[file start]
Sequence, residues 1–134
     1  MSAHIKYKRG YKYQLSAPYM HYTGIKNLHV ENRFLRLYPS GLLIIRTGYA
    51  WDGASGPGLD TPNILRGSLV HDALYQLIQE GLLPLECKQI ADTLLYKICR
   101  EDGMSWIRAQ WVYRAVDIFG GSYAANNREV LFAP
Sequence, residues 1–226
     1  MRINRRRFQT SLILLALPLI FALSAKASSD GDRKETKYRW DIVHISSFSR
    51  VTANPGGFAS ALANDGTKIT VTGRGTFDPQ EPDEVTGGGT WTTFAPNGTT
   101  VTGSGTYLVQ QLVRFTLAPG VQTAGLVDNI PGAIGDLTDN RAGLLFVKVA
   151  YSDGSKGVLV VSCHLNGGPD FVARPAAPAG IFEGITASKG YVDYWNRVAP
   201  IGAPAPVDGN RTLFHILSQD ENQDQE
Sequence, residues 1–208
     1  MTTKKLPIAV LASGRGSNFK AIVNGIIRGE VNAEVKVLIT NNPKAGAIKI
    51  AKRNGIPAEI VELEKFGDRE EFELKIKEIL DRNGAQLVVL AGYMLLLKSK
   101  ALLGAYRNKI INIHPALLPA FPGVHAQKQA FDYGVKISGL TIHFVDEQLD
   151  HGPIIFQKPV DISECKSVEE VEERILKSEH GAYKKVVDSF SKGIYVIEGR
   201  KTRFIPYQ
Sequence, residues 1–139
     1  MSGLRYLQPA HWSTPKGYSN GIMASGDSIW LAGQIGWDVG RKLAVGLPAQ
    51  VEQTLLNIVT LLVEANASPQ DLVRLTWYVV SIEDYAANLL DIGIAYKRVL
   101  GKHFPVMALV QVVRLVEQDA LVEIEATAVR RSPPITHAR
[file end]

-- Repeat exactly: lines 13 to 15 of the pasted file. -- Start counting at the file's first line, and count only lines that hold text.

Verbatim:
    51  AKRNGIPAEI VELEKFGDRE EFELKIKEIL DRNGAQLVVL AGYMLLLKSK
   101  ALLGAYRNKI INIHPALLPA FPGVHAQKQA FDYGVKISGL TIHFVDEQLD
   151  HGPIIFQKPV DISECKSVEE VEERILKSEH GAYKKVVDSF SKGIYVIEGR